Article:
I’ve worked in institutions using traditional learning models and spent 10 years working in one that employs the CBE model effectively. I’ve really come to appreciate the level of learning that takes place in a CBE model, and I’ve seen over the years how effective it is in supporting students’ learning. I’ve celebrated with students and their families who reached their goals and achieved their dreams because they were in an environment that enabled them to show what they knew and then move on at their own pace. CBE, when structured properly, helps educators to personalize learning experiences. I predict the CBE model will be a major player in the educational arena over the next two decades at the P-12 level as well as at the collegiate level.

There are some essential thoughts to consider for programs thinking about adopting the competency-based education (CBE) model, and I shared some of those tenets in a commentary published in the Journal of Competency-Based Education entitled, Implications for Educator Preparation Programs Considering Competency-Based Education.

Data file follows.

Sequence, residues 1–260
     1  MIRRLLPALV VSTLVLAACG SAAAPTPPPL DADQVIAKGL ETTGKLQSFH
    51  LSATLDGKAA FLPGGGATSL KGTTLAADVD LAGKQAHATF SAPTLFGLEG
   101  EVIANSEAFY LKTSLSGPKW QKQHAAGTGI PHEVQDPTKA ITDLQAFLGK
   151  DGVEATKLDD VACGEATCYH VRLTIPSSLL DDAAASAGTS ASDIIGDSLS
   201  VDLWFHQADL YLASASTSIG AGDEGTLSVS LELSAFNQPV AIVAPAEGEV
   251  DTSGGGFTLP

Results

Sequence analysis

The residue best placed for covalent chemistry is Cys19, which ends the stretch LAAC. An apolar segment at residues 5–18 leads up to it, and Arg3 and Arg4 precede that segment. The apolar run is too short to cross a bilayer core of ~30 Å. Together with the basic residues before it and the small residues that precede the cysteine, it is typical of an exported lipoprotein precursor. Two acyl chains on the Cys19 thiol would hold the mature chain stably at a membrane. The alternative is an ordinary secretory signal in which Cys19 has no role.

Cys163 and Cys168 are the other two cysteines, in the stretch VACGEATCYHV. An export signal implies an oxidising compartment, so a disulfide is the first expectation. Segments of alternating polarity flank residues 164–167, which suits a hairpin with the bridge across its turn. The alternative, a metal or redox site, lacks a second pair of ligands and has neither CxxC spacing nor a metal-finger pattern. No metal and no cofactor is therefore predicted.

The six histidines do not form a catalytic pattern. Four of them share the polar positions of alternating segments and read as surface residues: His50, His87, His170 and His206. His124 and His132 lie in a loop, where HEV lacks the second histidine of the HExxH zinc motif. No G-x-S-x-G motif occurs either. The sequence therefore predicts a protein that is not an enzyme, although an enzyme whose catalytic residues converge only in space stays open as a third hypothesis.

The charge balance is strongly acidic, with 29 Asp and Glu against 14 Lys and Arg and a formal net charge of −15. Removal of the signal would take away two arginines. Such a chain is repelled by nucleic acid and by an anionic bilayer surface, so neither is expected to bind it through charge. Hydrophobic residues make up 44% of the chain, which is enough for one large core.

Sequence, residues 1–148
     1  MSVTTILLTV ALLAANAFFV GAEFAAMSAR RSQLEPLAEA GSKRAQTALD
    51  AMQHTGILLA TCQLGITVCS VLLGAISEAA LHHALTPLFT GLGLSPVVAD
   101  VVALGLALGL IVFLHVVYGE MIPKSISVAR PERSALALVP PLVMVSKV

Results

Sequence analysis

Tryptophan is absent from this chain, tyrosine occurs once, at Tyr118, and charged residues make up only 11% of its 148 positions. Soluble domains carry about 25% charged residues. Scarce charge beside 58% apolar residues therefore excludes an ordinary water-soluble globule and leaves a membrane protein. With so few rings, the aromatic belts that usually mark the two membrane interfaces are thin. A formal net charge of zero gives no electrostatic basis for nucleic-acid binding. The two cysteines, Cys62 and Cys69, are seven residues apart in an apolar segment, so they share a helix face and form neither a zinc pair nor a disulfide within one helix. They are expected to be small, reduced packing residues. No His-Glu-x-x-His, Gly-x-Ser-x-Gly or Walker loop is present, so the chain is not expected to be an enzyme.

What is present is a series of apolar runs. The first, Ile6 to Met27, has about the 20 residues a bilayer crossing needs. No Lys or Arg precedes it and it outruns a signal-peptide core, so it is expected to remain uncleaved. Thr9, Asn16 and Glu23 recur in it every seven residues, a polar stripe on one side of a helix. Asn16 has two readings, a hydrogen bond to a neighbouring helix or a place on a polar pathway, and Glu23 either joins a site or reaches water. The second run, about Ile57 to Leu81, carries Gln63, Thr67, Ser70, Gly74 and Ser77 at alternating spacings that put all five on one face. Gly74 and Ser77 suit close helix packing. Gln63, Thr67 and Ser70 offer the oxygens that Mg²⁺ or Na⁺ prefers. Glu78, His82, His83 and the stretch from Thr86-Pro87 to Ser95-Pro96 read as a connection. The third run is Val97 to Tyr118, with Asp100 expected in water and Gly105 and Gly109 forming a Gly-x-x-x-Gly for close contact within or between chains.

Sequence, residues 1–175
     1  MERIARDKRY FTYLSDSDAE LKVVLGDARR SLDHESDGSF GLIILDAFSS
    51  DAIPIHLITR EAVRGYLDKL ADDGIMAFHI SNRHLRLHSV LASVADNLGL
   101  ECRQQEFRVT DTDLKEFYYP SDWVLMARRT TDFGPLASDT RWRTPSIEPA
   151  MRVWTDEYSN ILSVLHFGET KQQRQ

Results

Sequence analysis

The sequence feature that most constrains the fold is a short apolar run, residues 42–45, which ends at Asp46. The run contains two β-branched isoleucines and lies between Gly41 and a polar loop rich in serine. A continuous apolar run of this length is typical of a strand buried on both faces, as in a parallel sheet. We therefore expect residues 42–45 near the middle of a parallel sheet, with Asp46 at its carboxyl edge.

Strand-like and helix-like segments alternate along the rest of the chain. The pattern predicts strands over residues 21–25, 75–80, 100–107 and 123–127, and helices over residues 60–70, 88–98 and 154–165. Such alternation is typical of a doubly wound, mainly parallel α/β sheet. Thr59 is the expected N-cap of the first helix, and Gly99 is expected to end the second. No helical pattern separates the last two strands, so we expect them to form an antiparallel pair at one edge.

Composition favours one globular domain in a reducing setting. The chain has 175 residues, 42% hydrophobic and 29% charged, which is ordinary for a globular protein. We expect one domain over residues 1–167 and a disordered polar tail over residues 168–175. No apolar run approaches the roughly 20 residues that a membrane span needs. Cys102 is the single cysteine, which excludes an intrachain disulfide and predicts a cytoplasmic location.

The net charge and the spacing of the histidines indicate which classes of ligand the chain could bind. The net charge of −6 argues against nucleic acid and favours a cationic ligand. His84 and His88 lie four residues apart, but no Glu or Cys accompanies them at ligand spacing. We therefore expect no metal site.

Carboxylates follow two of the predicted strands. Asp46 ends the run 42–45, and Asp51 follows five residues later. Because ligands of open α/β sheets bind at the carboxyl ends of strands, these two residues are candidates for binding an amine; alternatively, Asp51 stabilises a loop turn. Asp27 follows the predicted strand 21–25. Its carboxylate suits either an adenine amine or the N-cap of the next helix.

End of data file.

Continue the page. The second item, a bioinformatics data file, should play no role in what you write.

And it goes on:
Helping students to demonstrate what they know and are able to do within the context of a set of well-articulated competencies and measured through high-quality assessments is certainly one example of academic excellence.

–rrf

 

Dr. Roberta Ross-Fisher is a national leader in educator preparation, accreditation, online learning, and academic quality assurance. An accomplished presenter, writer, and educator, she currently supports higher education and P-12 schools in areas such as competency-based education, teacher preparation, distance learning, and accreditation through her company, Global Educational Consulting, LLC. She can be reached at: globaleducationalconsulting@gmail.com

Alternative Educator Preparation: A Viable Option, or a Non-Starter?